Why does the sky look red at sunrise and sunset?
A phenomenon called Rayleigh scattering causes light from the Sun to bounce off tiny particles in the atmosphere and scatter in different directions. Sunlight consists of many different colours: from red, which has the longest wavelength of all visible light, through to violet at the blue end of the spectrum, which has the shortest wavelength. Due to this short wavelength, blue light is scattered more effectively than other colours, and this is why the sky normally appears blue to us.
At sunrise or sunset, however, when the Sun is low on the horizon, the light rays must pass through more of the atmosphere – and therefore bounce off more molecules – than at other times of day. This means that more blue light gets scattered away before the light reaches your eyes. Other colours – such as red, orange and yellow – can therefore continue to pass through the atmosphere unaffected, creating beautiful colours at the start and end of the day.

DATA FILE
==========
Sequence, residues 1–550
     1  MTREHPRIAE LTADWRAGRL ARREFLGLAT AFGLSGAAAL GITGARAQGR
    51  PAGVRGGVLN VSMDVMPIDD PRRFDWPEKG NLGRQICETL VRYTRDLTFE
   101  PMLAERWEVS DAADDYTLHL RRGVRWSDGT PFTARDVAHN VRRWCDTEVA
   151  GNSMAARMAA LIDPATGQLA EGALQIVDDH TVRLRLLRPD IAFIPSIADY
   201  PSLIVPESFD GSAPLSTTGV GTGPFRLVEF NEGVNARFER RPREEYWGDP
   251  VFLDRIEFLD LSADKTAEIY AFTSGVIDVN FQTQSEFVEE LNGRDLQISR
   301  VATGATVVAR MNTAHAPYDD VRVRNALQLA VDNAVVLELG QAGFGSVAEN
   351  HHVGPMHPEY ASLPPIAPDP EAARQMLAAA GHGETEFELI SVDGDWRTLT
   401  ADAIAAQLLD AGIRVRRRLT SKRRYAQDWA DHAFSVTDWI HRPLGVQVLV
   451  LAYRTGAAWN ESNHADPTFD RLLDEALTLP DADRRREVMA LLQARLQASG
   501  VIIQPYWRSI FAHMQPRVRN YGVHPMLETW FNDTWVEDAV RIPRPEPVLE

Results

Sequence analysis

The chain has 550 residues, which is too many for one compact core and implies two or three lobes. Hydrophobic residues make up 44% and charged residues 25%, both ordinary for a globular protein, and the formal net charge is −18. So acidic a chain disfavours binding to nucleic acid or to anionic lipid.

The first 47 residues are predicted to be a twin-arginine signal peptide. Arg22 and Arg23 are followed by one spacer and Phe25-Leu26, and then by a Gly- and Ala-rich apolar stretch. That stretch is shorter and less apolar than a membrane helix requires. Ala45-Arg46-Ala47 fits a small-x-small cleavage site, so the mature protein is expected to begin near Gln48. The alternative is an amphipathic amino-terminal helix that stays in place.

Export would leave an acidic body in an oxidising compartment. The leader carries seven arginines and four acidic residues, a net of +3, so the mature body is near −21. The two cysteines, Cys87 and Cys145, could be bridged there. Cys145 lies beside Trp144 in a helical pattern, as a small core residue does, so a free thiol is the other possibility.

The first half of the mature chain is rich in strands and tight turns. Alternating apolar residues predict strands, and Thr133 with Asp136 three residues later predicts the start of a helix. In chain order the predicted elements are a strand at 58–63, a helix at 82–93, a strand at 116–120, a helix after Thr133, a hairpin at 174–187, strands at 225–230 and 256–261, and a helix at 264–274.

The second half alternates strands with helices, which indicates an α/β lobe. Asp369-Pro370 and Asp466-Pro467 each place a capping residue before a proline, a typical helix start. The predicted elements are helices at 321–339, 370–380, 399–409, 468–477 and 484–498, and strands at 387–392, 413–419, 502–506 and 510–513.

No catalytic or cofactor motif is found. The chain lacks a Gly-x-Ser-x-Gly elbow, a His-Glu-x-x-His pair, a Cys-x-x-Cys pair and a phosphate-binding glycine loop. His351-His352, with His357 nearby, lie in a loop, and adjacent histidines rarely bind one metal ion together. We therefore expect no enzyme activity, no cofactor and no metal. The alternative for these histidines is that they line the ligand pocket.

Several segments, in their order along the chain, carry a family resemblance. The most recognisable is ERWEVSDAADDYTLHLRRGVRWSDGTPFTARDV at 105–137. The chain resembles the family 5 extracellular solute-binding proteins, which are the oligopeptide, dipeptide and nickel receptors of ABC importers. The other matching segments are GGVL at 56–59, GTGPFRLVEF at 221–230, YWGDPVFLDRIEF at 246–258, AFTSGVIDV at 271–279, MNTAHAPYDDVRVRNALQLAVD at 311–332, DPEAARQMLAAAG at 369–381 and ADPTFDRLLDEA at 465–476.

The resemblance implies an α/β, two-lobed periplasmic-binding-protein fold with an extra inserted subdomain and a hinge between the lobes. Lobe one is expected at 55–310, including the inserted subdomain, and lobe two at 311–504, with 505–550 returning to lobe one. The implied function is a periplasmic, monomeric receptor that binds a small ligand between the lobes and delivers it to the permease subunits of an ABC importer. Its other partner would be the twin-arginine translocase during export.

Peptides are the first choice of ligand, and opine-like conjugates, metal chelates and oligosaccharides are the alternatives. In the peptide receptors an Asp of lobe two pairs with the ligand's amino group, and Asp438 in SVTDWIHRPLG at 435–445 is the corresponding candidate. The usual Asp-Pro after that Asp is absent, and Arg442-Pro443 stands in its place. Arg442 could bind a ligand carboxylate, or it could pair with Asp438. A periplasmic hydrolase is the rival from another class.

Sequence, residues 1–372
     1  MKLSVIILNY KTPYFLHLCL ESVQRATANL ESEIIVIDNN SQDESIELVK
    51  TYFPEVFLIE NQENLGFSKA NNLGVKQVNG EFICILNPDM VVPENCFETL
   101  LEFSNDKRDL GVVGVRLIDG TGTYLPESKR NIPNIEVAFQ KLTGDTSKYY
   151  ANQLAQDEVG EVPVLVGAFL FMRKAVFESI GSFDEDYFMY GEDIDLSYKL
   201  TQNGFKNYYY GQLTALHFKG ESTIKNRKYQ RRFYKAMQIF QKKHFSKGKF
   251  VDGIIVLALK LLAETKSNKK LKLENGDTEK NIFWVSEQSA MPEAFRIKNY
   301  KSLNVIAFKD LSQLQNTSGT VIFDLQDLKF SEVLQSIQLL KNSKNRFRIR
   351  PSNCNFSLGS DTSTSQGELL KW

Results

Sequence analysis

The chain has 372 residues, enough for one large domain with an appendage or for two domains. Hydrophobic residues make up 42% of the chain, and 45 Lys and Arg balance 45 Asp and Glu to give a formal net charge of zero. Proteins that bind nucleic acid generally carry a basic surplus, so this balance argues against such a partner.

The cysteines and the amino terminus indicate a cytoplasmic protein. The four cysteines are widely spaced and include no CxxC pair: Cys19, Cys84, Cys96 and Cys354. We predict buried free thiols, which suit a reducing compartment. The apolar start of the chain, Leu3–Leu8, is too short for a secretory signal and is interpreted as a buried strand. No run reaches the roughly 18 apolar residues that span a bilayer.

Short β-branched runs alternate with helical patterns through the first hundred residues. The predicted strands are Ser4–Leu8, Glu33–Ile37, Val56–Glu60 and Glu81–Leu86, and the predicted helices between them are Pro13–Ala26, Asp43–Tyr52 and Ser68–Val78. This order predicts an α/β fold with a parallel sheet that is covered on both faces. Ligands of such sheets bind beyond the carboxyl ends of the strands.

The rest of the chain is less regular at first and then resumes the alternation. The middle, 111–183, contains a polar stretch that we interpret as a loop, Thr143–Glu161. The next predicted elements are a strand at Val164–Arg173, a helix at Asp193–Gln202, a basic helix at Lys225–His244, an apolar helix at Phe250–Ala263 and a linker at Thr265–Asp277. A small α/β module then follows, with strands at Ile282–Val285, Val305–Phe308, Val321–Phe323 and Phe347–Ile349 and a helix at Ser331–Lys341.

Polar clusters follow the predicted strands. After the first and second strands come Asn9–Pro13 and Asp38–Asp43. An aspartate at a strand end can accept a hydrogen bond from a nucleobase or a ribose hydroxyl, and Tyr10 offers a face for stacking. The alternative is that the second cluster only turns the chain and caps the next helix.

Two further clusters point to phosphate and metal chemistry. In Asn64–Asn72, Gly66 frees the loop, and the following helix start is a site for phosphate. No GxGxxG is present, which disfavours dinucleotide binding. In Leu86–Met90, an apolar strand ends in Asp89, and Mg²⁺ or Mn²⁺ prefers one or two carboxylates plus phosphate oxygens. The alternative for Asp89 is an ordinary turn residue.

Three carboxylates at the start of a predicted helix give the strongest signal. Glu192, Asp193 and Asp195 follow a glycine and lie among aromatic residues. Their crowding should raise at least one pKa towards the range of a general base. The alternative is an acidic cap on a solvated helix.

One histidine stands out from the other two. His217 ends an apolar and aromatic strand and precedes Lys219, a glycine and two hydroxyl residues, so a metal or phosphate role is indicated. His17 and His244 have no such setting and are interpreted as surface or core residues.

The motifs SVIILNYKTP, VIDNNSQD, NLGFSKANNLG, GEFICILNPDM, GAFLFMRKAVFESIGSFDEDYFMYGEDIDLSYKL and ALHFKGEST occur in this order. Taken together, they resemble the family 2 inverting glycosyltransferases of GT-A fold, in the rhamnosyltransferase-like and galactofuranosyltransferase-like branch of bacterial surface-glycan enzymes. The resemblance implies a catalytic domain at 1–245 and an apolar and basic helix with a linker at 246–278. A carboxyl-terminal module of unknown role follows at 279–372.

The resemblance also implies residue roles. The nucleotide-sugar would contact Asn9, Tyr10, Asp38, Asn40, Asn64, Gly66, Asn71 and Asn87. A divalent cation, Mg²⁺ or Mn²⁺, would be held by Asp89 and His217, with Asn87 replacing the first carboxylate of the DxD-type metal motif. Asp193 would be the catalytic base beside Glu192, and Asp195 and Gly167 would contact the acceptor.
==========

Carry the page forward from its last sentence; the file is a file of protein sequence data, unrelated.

To feature in our Brain Dump section, send us your questions to [email protected] or message us on Facebook or Twitter
For more science and technology articles, pick up the latest copy of How It Works from all good retailers or from our website now. If you have a tablet or smartphone, you can also download the digital version onto your iOS or Android device. To make sure you never miss an issue of How It Works magazine, subscribe today!